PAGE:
Gooden's Nomad Bee - Nomada goodeniana
Nomada goodeniana is a small species in the genus, and uses the nests of several large Andrena species. It has a bright yellow and black striped abdomen with no red patches. It has orange-red legs and antenna with darker femora. The thorax has two yellow bars behind the head. The second abdominal yellow band is unbroken.
It can be distinguished from other yellow/black Nomada species by the second abdominal yellow band being unbroken. In N. marshamella the second yellow band is divided by a narrow black mid-line and in N. rufipes the black is very broad such that the yellow is restricted to patches towards the sides of the abdomen.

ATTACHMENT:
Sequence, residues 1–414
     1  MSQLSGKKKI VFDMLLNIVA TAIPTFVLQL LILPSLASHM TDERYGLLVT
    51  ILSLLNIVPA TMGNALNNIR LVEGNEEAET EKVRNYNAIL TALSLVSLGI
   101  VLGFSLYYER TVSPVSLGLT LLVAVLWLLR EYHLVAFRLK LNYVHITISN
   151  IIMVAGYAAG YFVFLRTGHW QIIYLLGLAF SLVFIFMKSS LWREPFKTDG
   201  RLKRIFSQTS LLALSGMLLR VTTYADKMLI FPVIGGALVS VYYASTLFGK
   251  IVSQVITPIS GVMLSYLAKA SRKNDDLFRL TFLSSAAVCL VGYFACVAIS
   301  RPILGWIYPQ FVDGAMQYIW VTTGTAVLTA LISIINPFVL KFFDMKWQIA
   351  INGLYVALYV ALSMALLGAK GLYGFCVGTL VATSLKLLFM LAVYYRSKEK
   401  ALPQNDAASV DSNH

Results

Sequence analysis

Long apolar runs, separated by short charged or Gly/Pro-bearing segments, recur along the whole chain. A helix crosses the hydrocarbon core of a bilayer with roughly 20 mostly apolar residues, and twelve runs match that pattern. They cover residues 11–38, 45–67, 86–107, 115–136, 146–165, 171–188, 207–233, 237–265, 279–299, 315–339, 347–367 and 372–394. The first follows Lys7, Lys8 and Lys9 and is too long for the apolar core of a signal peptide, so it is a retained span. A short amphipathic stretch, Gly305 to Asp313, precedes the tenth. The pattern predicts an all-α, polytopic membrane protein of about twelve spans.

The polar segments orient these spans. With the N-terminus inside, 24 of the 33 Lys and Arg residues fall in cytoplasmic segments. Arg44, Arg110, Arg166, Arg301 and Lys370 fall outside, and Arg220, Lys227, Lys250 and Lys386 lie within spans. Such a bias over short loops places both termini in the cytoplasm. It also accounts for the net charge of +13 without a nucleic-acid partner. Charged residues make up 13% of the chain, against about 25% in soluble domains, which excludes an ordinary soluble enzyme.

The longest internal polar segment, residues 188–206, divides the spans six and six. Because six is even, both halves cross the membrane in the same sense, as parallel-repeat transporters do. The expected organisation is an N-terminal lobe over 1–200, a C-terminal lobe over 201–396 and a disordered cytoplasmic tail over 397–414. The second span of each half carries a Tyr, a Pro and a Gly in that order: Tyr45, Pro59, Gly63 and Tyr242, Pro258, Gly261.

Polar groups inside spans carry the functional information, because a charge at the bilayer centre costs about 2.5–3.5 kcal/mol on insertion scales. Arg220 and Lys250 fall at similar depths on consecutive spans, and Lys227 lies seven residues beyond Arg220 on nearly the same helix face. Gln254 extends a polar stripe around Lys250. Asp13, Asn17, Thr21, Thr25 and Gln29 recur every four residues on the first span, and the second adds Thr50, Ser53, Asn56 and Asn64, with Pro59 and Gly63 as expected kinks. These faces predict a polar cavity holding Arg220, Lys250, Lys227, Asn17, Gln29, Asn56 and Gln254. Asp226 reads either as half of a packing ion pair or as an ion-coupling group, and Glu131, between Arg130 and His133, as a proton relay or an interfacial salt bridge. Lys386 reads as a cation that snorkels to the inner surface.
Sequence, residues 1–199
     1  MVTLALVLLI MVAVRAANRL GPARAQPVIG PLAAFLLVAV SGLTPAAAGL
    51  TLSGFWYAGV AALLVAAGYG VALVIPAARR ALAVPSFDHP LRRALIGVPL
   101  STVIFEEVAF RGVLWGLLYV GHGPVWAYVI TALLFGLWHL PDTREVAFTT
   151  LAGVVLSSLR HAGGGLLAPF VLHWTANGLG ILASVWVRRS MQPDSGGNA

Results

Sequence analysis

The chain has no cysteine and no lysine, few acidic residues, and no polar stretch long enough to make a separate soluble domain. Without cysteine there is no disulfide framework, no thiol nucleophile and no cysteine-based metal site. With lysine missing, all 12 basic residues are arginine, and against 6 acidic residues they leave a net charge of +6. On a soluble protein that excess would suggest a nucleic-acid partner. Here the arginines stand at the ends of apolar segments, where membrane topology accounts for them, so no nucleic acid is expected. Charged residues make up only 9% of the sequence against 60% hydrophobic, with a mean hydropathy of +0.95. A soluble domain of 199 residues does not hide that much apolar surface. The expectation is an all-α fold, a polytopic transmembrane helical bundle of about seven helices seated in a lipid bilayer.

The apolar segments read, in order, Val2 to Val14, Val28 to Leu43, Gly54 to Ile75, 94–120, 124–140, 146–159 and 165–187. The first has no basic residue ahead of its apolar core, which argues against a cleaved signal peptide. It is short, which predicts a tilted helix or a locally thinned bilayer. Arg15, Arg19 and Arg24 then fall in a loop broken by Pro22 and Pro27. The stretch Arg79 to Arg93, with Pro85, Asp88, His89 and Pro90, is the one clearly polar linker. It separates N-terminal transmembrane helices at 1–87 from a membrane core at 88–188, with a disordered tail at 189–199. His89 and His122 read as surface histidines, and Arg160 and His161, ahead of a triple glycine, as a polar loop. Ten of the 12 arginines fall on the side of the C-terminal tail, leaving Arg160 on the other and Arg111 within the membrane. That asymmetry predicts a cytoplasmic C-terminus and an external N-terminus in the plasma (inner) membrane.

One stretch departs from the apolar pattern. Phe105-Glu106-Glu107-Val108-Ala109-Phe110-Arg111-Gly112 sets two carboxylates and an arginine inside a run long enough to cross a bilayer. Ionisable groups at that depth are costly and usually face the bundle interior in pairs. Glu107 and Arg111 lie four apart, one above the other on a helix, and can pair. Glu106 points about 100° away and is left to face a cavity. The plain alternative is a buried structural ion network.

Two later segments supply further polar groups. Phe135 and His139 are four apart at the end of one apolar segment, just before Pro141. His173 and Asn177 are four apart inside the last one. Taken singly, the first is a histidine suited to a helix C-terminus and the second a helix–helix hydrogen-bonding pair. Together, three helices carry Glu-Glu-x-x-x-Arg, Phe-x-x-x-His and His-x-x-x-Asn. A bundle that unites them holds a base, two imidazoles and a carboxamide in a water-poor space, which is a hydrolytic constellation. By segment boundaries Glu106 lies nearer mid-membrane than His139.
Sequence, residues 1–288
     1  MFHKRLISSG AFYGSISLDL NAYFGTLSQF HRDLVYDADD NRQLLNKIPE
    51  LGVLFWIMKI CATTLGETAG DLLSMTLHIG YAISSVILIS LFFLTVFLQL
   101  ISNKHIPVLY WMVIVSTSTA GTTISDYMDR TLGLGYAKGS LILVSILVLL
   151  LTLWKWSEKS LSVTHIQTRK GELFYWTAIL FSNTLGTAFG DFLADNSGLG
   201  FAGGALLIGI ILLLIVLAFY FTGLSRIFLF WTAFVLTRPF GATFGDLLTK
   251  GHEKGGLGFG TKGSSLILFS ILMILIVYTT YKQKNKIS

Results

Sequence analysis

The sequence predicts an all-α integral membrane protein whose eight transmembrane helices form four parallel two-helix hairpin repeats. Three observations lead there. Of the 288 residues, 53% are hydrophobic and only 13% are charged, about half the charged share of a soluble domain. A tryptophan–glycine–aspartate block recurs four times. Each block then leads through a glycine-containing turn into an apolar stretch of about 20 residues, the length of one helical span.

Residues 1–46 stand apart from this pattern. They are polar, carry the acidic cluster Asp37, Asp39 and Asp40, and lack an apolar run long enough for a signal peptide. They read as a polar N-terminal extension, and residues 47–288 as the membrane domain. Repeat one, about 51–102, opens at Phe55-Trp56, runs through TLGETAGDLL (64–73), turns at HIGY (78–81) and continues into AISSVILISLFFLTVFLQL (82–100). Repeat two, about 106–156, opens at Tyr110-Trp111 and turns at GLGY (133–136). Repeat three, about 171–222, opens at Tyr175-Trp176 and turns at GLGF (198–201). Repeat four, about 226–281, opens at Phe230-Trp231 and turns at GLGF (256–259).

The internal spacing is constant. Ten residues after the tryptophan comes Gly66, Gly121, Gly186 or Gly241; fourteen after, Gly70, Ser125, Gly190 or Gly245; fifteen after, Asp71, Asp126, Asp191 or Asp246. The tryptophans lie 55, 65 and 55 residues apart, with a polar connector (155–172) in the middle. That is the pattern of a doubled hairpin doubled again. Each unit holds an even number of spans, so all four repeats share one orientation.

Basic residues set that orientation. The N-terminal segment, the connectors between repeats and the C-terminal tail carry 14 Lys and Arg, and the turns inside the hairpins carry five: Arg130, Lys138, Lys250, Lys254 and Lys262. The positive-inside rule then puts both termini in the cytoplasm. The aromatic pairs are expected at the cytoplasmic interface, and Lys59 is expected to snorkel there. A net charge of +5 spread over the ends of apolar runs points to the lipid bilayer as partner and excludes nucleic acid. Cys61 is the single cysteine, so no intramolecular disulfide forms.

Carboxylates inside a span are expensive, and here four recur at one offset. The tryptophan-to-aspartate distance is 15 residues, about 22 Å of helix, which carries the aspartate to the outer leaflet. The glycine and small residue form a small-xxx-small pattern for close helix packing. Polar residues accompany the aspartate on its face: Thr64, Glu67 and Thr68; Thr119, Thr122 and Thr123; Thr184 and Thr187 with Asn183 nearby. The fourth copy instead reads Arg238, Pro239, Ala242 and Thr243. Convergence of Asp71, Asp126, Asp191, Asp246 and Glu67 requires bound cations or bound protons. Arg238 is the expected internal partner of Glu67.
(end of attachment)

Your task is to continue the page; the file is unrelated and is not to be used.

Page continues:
Anywhere that the host Andrena nests are found.
April to June.
The adults are free-living and feed on nectar; the larvae consume the pollen provision of the host bee (Andrena sp). Instead of digging its own underground nest site, the female Nomada goodeniana waits until an Andrena female has excavated a nest tunnel and has provisioned a nest cell with pollen for her larva. This will take many pollen gathering trips and the Nomada female will take advantage of the host's absence to visit the cell and lay her own egg in it.
Fairly common with most records coming from southern Britain.
Fairly common in Leicestershire and Rutland.
Leicestershire & Rutland Map
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Yellow squares = NBN records (all known data)
Coloured circles = NatureSpot records: 2020+ | 2015-2019 | pre-2015